Leading judicial reform advocate Kohelet Forum said in a late Tuesday night statement that there was room for compromise on many reform provisions, including waiving the override clause, but that core judge selection committee issues had to be addressed.
Compromise could be reached on judicial review of normal legislation, the reasonableness clause and the status of legal advisers, and The override clause could be dropped if other solutions could be provided for the problems it was proposed to address.
Some gaps can be bridged
“We discovered that in relation to many issues, the gaps can be bridged,” said Kohelet, who’s policy advocacy has been the basis for much of the current movement for judicial reform.
Critics of the reform have expressed concern about a new judicial review system in which the High Court of Justice would be restricted from interfering in Israel's quasi-constitutional Basic Laws.
They have noted that because there is no special method to legislate Basic Laws, the Knesset's constitutive authority could be abused to pass all laws it wanted, protected from judicial review as Basic Laws.
Kohelet said that this concern could be alleviated by establishing a special method for the introduction of Basic Laws. This could include a 61 Knesset member voting majority for each reading or a fourth reading in the subsequent Knesset. The last idea has been raised in Constitution, Law and Justice Committee session, and notably in the Friedmann negotiation outline.
The NGO said it respected opposing opinions and legitimate protest, but denounced "irresponsible behavior" that threatened security force cohesion. The 10-week protests have seen a societal taboo broken with IDF reservists refusing to perform duties over the reform. The protests have also seen Kohelet offices targeted by aggressive anti-reform action.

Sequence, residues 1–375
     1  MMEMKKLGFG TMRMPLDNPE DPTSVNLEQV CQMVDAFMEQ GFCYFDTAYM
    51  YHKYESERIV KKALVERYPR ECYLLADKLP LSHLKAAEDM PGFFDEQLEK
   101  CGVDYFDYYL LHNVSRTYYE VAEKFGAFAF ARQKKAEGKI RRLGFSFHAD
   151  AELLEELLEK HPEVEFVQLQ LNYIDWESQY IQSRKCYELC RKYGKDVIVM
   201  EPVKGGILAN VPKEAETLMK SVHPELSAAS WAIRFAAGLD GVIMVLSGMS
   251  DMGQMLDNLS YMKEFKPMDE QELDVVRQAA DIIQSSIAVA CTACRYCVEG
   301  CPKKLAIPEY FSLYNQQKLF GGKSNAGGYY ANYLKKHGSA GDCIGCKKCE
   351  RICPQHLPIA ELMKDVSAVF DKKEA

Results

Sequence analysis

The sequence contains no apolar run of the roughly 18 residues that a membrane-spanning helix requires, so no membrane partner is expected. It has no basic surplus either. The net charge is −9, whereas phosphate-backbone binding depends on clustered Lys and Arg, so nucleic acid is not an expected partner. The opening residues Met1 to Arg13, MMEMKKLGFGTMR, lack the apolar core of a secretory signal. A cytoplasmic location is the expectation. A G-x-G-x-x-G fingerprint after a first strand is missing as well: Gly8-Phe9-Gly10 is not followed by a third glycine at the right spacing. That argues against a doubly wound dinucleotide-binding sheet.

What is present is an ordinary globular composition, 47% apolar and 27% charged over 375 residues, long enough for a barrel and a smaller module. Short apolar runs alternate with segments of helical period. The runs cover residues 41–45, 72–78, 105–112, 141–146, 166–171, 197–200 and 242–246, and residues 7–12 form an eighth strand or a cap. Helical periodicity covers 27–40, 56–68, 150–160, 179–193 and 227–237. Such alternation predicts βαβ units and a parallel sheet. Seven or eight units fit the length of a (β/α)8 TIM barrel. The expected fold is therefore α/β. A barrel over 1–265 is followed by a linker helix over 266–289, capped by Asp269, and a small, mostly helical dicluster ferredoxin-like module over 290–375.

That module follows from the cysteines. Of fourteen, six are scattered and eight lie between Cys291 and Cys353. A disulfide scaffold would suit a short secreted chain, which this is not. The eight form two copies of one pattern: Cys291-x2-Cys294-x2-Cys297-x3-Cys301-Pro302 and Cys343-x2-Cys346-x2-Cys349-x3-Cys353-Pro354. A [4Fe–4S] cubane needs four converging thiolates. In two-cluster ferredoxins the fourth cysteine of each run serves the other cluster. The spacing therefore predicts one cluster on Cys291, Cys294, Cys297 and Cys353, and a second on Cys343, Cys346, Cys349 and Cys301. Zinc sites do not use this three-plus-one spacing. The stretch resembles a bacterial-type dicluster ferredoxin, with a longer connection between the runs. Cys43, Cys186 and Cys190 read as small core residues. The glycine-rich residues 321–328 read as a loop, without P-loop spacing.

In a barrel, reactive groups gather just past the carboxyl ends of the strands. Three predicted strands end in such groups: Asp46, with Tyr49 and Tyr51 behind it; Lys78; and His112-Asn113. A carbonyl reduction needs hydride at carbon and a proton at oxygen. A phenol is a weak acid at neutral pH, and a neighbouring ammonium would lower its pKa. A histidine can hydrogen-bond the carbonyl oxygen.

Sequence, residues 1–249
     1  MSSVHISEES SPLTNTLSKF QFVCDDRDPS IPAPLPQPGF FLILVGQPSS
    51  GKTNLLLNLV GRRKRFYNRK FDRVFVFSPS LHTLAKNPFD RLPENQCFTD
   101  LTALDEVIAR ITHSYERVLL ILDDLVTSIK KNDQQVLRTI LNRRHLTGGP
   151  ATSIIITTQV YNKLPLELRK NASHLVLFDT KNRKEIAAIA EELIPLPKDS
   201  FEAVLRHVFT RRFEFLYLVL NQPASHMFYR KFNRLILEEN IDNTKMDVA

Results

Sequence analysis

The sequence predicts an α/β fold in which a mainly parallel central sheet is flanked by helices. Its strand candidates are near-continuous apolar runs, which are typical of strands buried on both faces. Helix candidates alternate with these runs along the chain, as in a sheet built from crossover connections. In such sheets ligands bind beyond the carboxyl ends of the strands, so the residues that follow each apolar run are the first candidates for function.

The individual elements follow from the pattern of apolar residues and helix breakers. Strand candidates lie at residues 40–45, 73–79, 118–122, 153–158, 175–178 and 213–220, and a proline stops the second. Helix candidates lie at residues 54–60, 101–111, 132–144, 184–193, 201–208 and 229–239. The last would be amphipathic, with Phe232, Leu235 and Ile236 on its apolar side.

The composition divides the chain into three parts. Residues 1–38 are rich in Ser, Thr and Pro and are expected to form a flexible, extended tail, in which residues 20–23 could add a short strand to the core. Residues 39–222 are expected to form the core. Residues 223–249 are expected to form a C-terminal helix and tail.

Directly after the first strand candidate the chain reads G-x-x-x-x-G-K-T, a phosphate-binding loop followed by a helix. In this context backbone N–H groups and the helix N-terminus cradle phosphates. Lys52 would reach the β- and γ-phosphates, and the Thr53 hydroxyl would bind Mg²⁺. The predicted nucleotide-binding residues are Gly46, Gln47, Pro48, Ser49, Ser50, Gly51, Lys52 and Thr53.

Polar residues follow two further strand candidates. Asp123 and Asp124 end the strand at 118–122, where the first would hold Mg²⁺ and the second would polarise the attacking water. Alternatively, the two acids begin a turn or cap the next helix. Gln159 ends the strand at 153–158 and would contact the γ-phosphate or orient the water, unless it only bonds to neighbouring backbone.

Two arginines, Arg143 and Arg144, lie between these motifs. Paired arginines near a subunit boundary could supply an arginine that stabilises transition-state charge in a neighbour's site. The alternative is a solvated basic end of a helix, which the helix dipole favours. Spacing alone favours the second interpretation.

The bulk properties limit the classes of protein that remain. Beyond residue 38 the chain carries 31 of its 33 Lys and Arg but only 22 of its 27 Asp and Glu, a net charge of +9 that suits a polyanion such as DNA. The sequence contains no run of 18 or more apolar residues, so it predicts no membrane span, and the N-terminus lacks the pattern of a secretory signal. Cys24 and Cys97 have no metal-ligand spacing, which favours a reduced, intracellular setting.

Kohelet said that broad consensus was important, and since Justice Minister Yariv Levin had announced the reform plan at the beginning of the year, had engaged with experts with opposing opinions in order to find such compromises.
"We did this in the belief that such reform should be passed with the widest possible support," said Kohelet. "We appreciate additional attempts made to reach a compromise, and wish to express gratitude for the efforts of Israel’s President to bring the political parties to an agreement."
There were problems that Kohelet explained that the reform had to address.
"We believe that comprehensive reform is necessary in light of the unchecked power that the judiciary has accumulated vis-à-vis the representative branches," said Kohelet. "The current state of imbalance among the branches has led to systemic dysfunction and to a sense of alienation among those segments of the population who feel the courts do not represent them."
"We believe that comprehensive reform is necessary in light of the unchecked power that the judiciary has accumulated vis-à-vis the representative branches."Kohelet Forum
Consequently, Kohelet feels that any reform plan must address the judge selection committee in a matter that would strengthen the government's representation. Both the coalition and opposition should have greater control of the committee, though the former should have an advantage, according to Kohelet. Kohelet introduced a new idea, that the coalition be partially represented by professional appointments. It also said that the removal of High Court justice vetos needed to be canceled.
Kohelet hoped that President Isaac Herzog would adopt these considerations in his endeavors to reach a compromise. Herzog has been attempting to have opposition and coalition leaders negotiate on reform for weeks, but has been stuck on the precondition of cessation of legislation. Herzog is expected to present a new outline for negotiation in the coming days.
If reform was introduced, Kohelet said it hoped that it would lead to the adoption of a "consensual constitution" for Israel and a comprehensive bill of rights. This aspiration comes after weeks of steadily building calls for renewal of Israel's constitutional process, climaxing with Opposition leader Yair Lapid and the Movement for Quality Government in Israel proposing formal written constitutions on Friday and Thursday.
Kohelet's statement comes almost a week after Kohelet senior fellow Dr. Michael Sarel issued a personal opinion in which he warned that the current reform legislation would remove separations of powers and checks and balances. Such a system could ultimately degrade Israel's democratic institutions.